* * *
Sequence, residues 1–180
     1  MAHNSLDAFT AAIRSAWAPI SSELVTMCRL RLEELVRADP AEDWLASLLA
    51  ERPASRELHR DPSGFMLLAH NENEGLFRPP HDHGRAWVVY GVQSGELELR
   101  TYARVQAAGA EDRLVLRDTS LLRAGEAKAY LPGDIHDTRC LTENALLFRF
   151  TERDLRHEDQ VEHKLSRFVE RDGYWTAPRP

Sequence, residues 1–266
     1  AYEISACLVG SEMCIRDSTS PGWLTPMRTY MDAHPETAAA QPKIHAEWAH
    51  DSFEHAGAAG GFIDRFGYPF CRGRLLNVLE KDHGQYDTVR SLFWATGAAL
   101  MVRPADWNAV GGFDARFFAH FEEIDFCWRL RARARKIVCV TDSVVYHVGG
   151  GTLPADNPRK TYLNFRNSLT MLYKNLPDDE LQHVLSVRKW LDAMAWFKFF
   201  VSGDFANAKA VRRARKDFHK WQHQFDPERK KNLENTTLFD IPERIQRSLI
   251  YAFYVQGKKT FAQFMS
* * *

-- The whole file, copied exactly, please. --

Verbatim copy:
Sequence, residues 1–180
     1  MAHNSLDAFT AAIRSAWAPI SSELVTMCRL RLEELVRADP AEDWLASLLA
    51  ERPASRELHR DPSGFMLLAH NENEGLFRPP HDHGRAWVVY GVQSGELELR
   101  TYARVQAAGA EDRLVLRDTS LLRAGEAKAY LPGDIHDTRC LTENALLFRF
   151  TERDLRHEDQ VEHKLSRFVE RDGYWTAPRP

Sequence, residues 1–266
     1  AYEISACLVG SEMCIRDSTS PGWLTPMRTY MDAHPETAAA QPKIHAEWAH
    51  DSFEHAGAAG GFIDRFGYPF CRGRLLNVLE KDHGQYDTVR SLFWATGAAL
   101  MVRPADWNAV GGFDARFFAH FEEIDFCWRL RARARKIVCV TDSVVYHVGG
   151  GTLPADNPRK TYLNFRNSLT MLYKNLPDDE LQHVLSVRKW LDAMAWFKFF
   201  VSGDFANAKA VRRARKDFHK WQHQFDPERK KNLENTTLFD IPERIQRSLI
   251  YAFYVQGKKT FAQFMS